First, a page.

Controlling the quality and cost of drugs and the infrequent supervision of regulation breaching pharmacies were on the agenda, at a conference between the Ho Chi Minh City People’s Council and the city Department of Health on May 25.
Deputy Director of the HCMC Department of Health (DoH), Pham Khanh Phong Lan, insisted on eliminating the recent prices hikes for medication, which she said were unreasonable, the DoH only controls prices in the wholesale market. Meanwhile, retail prices have soared immoderately.
|Health inspectors are doing their duty at a pharmacy in the city (Photo: SGGP)|
The representative of DoH confessed the drug market is out of the control, as the city has over 4,000 pharmacies.
Nguyen Van Minh from the city People’s Council told the meeting that the DoH has not prevented unscrupulous pharmaceutical companies and traders from engaging in indirect trade several times before medications become available patients.
The number of pharmacies has mushroomed, although regulations state that pharmacies must be 500m apart from one another. The conflagration of pharmacies has allowed fake and low quality medications penetrate the drug market rampantly.
Mr. Minh argued it is unfair that patients with health insurance cards are told to buy special drugs, when the cost for medication takes up 50% insurance expenditures. Insurance companies blamed for doctors for writing the prescriptions for special drugs, not listed in hospital pharmacies. Under the regulation of the Ministry of Health, insurance companies do not reimburse for special drugs and registered hospitals are not allowed to offer them to insured patients.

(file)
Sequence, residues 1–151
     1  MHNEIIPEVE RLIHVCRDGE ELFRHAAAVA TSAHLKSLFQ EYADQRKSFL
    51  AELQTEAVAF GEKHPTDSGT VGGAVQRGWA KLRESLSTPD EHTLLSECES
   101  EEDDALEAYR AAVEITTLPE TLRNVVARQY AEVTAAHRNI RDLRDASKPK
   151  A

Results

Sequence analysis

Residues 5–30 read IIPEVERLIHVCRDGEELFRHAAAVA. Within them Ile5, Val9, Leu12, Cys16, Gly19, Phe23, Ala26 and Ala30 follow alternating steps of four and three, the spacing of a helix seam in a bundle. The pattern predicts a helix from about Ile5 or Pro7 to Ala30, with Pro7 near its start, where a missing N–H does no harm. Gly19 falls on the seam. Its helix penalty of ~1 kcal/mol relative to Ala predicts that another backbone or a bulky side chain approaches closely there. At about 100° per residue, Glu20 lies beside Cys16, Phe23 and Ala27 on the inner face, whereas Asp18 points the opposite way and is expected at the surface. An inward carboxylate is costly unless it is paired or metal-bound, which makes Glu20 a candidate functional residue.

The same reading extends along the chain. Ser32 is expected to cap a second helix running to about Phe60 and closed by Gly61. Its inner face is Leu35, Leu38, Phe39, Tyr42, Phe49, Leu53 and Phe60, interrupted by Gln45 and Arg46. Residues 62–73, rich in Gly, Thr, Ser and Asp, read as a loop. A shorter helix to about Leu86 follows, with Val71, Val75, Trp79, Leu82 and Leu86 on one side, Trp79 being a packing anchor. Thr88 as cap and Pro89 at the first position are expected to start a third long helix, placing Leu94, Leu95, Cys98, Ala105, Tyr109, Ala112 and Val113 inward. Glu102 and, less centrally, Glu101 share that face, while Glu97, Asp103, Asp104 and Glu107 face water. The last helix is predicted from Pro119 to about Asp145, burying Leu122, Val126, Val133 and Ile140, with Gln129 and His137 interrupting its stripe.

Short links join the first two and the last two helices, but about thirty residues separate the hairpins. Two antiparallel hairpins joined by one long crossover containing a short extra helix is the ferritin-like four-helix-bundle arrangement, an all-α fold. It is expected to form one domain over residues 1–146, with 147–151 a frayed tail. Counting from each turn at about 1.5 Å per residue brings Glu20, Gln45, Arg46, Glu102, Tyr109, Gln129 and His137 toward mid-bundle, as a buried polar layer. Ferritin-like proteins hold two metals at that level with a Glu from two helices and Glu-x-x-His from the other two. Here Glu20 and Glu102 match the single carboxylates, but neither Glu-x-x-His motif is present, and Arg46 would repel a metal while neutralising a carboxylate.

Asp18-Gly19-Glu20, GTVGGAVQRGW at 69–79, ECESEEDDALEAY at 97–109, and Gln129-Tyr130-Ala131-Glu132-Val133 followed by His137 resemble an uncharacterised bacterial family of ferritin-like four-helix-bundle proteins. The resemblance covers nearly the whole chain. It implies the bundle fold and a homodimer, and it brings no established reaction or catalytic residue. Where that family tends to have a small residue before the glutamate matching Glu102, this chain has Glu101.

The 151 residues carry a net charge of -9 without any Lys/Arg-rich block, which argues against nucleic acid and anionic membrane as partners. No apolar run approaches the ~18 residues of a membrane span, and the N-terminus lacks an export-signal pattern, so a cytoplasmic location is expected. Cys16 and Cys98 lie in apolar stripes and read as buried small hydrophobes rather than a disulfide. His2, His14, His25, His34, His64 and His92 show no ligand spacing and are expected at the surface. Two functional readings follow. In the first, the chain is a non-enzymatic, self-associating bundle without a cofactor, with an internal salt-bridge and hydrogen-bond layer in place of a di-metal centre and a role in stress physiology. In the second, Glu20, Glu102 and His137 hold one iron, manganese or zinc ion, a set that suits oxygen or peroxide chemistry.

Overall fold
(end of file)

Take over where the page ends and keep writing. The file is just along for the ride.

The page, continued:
Nguyen Minh Hung, DoH’s inspection chief, blamed a shortage of skilled inspectors and the People’s Council deputies raised concerns over the infrequent supervision of pharmacies found to have violated the law. Many drug shops have breached regulations repeatedly.
Tran Thi Ngoc Anh, head of the delegation of People’s Council, ordered the Department of Health to develop pharmacy chains that import directly and would sell medication to patients without the involvement of intermediary companies as well as strengthen the supervision and enforcement of penalties for violating companies.